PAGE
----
Genetic insights into these complex diseases have been complicated by what has been termed the ‘missing heritability’. Using data from family and twin studies, the contribution of genetics to a disease (the ‘heritability’) can be estimated. However, the output from GWAS however only accounts for a fraction of this heritability, leaving a large part still to be uncovered. There are a number of potential explanations for this missing heritability. For example, it has been proposed that there are many rare variants with strong effects, which would not be discovered in GWAS using chips populated with common variants. This possibility has stimulated the rapid growth in DNA sequencing to look for these rare variants. This sequencing effort has undoubtedly had excellent results in oncology, but there is still much discussion on the role of rare variants in explaining the missing heritability in other disease areas.

“One disease area that has definitely benefited from modern genomics is oncology.”

Another explanation for the missing heritability is the role of gene-gene interactions. According to this proposal, individual genes will not achieve a statistically significance in GWAS on their own, but only in combination with another gene variant. However, these gene-gene interactions are difficult to study on genome-wide scale with conventional analysis methods. In fact, despite the remarkable developments in genotyping technology in the last 10-15 years, the methods for analysing and interpreting these data have not progressed at anything like the same rate. A major challenge is to find novel ways of analysing the vast amounts of genetic data now generated without losing most of the signal to missing heritability.

Despite the somewhat disappointing impact of human genetics on drug discovery over the last dozen years, there is evidence of a renewed interest in the approach. The clearest sign is the purchase of deCODE Genetics by Amgen for £270 million in 2012. The history of deCODE has perhaps reflected the changing fortunes of the impact of genetics in the last decade, finally emerging as a significant addition to Amgen’s R&D efforts. Behind Amgen’s decision was the clear implication that human genetic information is viewed as the best validation of a drug target, and a statement of intent to prioritise targets with such validation over those with a weaker evidence base.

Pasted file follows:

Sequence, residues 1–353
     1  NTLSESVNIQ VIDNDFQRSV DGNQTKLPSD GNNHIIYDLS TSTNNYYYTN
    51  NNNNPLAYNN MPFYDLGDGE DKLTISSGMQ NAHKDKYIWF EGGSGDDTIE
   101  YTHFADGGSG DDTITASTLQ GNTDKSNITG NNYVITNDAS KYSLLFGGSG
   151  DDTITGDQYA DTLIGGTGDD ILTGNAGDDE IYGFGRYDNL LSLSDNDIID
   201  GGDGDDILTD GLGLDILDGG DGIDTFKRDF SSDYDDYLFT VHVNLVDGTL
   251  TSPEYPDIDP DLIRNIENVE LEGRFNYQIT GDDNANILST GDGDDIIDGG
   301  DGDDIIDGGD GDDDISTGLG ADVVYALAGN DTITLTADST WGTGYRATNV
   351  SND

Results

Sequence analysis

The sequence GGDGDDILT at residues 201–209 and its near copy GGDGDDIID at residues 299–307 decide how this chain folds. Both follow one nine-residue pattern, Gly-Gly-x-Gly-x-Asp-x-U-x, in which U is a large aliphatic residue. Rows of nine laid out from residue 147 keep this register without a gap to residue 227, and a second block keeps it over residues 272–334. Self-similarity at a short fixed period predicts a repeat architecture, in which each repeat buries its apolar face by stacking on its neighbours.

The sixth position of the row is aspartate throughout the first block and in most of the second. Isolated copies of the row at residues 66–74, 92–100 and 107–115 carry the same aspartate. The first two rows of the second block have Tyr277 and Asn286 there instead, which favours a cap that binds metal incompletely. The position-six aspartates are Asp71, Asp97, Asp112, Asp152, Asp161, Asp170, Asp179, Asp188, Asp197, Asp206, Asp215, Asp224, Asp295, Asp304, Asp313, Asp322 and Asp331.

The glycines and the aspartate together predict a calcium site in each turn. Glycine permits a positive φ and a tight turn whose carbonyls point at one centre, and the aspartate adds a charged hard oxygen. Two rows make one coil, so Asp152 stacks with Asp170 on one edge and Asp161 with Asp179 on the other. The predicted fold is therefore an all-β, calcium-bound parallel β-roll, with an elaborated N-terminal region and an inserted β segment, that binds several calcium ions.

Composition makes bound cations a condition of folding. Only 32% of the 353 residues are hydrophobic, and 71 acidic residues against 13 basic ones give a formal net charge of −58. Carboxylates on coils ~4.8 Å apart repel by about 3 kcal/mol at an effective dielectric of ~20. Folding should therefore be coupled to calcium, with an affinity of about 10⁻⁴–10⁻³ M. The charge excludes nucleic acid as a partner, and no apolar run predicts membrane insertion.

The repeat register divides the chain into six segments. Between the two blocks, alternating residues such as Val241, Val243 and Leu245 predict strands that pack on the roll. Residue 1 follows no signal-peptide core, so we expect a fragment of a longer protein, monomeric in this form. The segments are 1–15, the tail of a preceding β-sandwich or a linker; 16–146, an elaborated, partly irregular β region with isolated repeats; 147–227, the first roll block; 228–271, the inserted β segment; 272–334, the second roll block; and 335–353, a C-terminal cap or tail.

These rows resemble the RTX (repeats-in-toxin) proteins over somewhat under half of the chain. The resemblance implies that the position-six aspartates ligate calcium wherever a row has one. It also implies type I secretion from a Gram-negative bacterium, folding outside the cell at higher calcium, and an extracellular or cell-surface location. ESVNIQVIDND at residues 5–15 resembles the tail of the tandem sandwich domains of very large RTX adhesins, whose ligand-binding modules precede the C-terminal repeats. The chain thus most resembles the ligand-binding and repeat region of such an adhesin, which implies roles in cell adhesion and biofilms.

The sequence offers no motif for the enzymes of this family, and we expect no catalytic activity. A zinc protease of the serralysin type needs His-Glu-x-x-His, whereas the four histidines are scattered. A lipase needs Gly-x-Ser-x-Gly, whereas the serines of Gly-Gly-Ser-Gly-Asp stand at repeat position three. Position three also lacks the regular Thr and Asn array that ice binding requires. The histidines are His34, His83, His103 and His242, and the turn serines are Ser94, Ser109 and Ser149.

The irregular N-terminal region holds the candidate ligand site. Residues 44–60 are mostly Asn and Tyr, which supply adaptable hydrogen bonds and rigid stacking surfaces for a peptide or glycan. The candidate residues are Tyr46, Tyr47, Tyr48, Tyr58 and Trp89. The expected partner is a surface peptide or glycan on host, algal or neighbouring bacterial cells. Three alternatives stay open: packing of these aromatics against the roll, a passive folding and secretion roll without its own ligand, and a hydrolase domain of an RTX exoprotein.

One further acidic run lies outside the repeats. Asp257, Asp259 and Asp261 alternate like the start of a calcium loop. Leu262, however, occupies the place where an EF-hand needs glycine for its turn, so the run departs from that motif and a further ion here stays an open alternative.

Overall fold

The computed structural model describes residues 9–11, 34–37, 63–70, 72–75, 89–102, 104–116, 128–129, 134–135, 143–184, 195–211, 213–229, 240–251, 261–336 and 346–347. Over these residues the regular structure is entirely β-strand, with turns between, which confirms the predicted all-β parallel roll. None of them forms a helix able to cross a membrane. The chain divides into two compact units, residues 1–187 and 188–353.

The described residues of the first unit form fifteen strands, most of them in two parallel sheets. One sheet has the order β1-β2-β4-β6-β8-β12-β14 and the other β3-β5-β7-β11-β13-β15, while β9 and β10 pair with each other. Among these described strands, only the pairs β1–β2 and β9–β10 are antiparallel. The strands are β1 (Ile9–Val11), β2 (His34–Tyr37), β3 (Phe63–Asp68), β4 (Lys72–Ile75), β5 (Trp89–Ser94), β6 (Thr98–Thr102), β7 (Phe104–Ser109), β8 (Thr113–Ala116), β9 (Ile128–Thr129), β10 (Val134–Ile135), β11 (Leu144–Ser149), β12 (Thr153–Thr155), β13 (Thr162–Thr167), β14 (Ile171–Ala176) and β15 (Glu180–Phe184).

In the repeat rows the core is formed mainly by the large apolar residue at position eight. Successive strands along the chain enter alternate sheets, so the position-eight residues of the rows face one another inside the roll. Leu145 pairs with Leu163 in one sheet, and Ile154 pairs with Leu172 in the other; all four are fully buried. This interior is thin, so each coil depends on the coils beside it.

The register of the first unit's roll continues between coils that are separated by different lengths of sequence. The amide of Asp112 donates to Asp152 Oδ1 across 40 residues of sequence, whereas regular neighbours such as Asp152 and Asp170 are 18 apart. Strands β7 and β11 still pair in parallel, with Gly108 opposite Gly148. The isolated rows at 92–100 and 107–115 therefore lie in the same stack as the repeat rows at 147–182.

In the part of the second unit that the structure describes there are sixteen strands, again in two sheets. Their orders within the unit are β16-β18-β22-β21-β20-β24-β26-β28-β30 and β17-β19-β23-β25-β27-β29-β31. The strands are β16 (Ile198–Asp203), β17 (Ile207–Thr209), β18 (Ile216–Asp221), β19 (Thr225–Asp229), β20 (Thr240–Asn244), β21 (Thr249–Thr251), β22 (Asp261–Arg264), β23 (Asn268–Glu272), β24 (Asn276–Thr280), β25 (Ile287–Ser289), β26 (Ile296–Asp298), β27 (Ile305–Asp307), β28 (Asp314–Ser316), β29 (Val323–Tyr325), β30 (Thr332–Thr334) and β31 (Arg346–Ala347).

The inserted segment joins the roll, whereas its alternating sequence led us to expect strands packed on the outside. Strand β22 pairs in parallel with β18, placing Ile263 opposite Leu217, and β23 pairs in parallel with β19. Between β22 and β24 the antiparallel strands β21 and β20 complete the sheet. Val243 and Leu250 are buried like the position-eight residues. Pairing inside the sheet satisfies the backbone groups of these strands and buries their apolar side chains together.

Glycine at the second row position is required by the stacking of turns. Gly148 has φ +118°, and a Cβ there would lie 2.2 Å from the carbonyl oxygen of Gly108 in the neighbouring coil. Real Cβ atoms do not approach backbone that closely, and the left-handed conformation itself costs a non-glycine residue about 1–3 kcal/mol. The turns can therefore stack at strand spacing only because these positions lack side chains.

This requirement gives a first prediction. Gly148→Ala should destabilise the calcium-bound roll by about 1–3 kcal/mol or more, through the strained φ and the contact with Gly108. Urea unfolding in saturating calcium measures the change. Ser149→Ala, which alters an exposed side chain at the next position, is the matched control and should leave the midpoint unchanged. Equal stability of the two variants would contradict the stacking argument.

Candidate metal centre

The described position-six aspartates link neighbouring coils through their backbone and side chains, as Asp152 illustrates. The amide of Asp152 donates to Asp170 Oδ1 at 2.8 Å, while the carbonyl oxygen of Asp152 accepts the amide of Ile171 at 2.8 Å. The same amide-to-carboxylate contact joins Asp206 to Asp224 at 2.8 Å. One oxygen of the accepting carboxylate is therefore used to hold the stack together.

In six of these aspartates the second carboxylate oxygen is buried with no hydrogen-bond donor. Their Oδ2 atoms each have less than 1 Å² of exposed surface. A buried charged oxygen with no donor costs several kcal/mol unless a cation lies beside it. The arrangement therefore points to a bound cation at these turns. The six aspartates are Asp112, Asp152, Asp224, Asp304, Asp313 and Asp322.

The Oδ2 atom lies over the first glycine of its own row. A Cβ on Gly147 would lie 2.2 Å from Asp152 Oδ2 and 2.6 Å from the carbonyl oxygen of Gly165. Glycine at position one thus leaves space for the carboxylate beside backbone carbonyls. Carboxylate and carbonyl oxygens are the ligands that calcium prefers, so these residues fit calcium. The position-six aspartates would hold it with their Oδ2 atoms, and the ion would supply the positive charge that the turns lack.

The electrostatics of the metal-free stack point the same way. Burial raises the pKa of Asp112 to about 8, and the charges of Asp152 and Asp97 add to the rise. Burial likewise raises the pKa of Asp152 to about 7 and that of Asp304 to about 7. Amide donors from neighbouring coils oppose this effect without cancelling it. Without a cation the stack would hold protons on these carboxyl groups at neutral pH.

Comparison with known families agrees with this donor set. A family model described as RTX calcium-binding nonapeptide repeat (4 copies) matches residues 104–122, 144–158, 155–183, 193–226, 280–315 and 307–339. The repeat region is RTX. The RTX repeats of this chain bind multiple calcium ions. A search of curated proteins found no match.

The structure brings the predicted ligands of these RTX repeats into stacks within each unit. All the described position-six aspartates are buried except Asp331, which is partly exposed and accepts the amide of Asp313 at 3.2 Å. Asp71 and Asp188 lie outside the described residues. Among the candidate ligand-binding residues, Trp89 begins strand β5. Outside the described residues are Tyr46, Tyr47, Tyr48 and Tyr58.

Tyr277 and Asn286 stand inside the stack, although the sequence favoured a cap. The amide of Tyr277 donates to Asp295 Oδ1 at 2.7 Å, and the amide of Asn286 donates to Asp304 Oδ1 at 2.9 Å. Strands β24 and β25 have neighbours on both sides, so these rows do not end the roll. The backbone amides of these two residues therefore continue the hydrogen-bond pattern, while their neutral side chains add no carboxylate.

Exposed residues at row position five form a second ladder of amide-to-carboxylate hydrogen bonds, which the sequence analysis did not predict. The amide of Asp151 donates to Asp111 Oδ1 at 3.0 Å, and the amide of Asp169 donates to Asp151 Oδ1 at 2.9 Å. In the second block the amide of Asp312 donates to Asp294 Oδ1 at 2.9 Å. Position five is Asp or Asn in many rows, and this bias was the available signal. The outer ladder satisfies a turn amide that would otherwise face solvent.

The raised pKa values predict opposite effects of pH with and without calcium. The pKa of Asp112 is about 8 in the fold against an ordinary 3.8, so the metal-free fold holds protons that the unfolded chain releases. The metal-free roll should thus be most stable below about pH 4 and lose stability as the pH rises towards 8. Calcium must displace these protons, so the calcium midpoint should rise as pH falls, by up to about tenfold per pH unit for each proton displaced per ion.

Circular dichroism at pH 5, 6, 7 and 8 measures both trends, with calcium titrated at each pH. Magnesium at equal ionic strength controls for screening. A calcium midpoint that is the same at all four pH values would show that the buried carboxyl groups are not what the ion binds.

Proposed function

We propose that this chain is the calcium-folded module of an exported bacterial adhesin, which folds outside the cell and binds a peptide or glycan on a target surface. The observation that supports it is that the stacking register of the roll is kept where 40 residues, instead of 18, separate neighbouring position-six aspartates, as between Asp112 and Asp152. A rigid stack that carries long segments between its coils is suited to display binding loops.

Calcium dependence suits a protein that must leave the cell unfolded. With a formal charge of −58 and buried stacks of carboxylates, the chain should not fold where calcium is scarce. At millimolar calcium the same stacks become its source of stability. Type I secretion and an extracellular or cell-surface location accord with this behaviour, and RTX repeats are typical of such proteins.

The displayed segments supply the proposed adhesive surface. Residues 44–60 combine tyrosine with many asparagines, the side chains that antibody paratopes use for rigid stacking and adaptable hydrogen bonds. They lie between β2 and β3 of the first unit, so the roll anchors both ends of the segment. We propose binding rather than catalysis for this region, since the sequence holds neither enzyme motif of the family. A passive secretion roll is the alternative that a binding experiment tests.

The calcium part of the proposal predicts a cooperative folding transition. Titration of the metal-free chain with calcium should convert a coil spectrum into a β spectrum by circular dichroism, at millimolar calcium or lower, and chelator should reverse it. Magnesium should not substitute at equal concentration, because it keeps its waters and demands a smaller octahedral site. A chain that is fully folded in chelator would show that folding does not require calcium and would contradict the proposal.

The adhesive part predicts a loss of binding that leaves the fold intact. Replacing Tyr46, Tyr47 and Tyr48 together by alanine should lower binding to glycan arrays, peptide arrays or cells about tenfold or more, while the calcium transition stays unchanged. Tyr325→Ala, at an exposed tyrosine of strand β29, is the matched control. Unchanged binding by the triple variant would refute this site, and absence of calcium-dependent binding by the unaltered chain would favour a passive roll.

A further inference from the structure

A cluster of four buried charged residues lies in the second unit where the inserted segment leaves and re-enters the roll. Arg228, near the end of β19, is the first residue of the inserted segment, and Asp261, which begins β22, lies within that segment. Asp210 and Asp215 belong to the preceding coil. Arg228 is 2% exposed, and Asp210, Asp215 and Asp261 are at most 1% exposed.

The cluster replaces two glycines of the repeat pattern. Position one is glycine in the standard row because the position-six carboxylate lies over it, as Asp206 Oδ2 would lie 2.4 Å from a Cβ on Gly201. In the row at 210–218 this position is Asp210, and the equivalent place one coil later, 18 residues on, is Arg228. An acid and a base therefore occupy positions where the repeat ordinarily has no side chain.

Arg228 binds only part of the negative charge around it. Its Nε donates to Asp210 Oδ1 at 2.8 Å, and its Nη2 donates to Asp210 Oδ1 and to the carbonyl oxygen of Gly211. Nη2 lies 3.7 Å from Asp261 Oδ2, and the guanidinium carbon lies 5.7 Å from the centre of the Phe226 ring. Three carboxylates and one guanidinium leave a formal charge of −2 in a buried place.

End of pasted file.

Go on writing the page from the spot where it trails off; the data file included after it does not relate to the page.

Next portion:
Where next for the great hopes anticipated in 2001? The stubborn way that attrition in pharmaceutical R&D has been unchanged in recent years is a major issue for pharma companies – companies with the current R&D productivity level will not be sustainable in the future, given rising drug development costs, future patent expiries and more commercial pressures on pricing. It is clear that the current paradigm of target identification based on gene expression profiles, in vitro cell systems and in vivo pre-clinical models will need to change. Validation of drug targets must be more firmly entrenched in the human disease aetiology, which means finding a better way to use human genetic information to support drug discovery.



About the author:

Alun McCarthy is President and CEO of PGXIS Ltd, and Chief Scientific officer of CytoPathfinder Inc. PGXIS is a UK-based company which has developed innovative technology to analyse large, complex genomic datasets. This approach – called Taxonomy3 – has a number of benefits over conventional analysis methods. These include: more statistical power to find associations; the ability to identify gene-gene interactions; greater predictive power; and integration of different data types in a single multivariate analysis.